From: Will Ritson on
On 2007-12-03 22:41:00 -0700, frederick <lost(a)sea.com> said:

> I'll give you that the D3 and D300 are good for noise.
> But I don't think that they're in a new league.
> Comparing to a D2x gives false promise I think.
> 5d and 1dIII images are pretty darned good at high iso as well, but
> sure the D3 looks a little better even. The D300 and 40d look matched
> for IQ.
>
> One thing I noted with D300 raw files converted with no NR is that the
> noise cleans up very well even with free "Noiseware" community edition.
> The cleaned up jpegs from raw looked better than with NR in CaptureNX,
> and a lot better than ex-camera jpegs.

The D3 is said to be in a league of its own wrt high-ISO noise. I don;t
think anyone is claiming the D300 is vastly superior to the D200 in
low-light, low-noise images. Same goes for any other aspect of IQ.

To get the most out of captures with any Nikon digital, (IMHO) you need
to hang it on the back of a Nikon lens. Buying a bunch of Tamrons,
Sigmas, Tokinas etc., defeats the whole purpose. Even if you go with
some other system (Canon or anyone) you need to ask yourself "am I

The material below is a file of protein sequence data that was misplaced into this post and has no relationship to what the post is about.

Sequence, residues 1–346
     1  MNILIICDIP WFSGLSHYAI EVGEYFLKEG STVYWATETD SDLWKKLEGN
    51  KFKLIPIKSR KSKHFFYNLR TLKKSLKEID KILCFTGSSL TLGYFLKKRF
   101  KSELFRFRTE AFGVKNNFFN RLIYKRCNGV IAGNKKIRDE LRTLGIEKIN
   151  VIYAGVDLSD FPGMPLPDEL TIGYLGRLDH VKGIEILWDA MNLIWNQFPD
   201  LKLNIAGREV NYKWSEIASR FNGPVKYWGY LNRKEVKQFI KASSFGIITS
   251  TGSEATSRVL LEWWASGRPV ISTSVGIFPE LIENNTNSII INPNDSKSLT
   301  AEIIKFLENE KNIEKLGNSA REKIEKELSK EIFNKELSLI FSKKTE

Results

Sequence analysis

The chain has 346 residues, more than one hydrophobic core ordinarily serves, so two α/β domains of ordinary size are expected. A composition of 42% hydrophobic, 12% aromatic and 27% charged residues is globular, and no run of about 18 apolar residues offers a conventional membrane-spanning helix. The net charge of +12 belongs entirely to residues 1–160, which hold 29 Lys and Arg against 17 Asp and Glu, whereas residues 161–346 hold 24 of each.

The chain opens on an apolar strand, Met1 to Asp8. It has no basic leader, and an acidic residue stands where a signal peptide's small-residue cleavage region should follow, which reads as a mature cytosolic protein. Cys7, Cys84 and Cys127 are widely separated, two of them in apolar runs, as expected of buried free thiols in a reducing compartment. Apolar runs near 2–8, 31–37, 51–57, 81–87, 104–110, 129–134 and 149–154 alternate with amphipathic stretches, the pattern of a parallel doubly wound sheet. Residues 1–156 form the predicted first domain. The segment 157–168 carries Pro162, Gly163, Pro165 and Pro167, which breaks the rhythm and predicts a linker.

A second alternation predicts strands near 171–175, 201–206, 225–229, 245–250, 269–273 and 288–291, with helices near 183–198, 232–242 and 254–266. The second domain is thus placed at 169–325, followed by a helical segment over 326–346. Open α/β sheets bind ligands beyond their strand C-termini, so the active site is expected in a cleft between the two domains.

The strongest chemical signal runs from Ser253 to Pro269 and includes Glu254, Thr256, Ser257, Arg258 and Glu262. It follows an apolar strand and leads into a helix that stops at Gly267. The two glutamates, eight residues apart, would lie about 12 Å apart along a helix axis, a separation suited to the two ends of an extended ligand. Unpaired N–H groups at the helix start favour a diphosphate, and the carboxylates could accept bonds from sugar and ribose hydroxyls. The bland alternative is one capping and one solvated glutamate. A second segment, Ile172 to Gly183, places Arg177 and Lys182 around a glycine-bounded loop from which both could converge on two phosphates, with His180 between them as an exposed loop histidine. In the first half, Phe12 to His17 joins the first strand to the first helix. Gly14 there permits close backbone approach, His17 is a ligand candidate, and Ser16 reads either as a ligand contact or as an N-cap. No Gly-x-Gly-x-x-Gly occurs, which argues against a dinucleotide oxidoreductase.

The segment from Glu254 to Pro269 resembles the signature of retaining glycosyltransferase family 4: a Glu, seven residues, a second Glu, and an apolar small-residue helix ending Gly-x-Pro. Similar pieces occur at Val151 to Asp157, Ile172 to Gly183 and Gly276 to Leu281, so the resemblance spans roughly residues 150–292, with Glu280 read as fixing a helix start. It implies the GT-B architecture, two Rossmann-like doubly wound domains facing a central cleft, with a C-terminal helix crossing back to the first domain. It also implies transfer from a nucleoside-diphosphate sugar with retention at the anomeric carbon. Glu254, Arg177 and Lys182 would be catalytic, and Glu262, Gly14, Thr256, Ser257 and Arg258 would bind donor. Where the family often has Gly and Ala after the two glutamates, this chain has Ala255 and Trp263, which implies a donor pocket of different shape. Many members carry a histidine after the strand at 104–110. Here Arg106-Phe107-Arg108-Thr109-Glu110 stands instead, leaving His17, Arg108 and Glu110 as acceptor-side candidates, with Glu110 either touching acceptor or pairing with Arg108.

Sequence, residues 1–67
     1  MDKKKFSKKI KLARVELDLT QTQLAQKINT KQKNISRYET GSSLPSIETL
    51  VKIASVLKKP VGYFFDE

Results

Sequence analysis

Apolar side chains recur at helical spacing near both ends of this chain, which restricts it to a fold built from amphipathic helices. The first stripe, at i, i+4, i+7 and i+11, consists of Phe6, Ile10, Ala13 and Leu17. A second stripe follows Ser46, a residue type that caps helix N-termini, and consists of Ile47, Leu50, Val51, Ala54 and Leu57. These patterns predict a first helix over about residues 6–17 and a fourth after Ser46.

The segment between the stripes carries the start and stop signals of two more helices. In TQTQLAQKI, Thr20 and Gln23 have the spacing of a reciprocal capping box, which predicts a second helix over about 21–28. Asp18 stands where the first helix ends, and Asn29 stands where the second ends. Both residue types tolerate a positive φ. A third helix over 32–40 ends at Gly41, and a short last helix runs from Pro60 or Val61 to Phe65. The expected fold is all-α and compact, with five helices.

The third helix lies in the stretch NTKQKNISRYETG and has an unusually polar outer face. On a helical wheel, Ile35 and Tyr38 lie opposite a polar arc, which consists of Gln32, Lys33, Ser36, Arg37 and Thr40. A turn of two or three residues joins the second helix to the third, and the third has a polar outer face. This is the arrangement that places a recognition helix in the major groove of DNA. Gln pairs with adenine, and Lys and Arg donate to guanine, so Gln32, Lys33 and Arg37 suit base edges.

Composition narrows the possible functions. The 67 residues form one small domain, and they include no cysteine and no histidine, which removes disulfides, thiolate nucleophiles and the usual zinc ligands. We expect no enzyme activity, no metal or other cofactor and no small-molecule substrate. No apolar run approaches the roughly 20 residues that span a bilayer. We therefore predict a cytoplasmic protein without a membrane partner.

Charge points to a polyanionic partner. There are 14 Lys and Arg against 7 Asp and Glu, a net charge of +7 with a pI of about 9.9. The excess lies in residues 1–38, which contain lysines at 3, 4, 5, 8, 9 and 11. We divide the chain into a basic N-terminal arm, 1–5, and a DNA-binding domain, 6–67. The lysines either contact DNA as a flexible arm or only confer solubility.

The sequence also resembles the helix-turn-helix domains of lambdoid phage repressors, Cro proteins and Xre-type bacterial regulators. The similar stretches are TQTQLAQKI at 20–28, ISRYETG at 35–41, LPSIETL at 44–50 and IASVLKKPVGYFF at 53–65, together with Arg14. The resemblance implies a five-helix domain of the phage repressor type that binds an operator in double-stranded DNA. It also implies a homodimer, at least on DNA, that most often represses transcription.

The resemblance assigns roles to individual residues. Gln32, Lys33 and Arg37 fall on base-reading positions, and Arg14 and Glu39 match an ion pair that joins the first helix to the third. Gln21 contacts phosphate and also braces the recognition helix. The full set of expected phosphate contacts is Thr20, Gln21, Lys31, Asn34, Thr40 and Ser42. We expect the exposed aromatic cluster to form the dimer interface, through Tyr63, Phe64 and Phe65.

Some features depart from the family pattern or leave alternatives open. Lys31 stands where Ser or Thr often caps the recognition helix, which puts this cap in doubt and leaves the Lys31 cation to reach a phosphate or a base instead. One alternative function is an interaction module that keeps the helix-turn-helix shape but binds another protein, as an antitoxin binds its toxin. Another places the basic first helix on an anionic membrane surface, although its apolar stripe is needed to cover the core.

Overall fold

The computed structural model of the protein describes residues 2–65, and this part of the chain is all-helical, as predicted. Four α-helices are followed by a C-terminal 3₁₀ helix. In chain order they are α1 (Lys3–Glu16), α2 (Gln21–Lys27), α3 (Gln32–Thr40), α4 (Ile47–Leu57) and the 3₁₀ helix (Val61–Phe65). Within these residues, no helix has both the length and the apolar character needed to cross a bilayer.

satisfied with the look of JPEGs straight out of the camera, or am I
going to invest time and money in post processing?" If the latter,
you're cheating yourself if you don't learn Adobe Photoshop--and I mean
LEARN, not look for some shortcut like you did with a video
game--because success shouldn't be defined as trying every tool in a
weekend, and saying "I got to Level Twelve! Next app please." It is
true that you can learn about ten facets of the program--pretty much
scratching the surface--that will come in handy for ninety per cent of
all images, both scans and camera output, but there's a lot of ways to
do every task, and actions to save you time, and subtleties to keep
your work from looking "Photoshopped."

Just my two cents worth.
--
M: Yes I have. If you're arguing, I must have paid.
A: Not necessarily. I could be arguing in my spare time.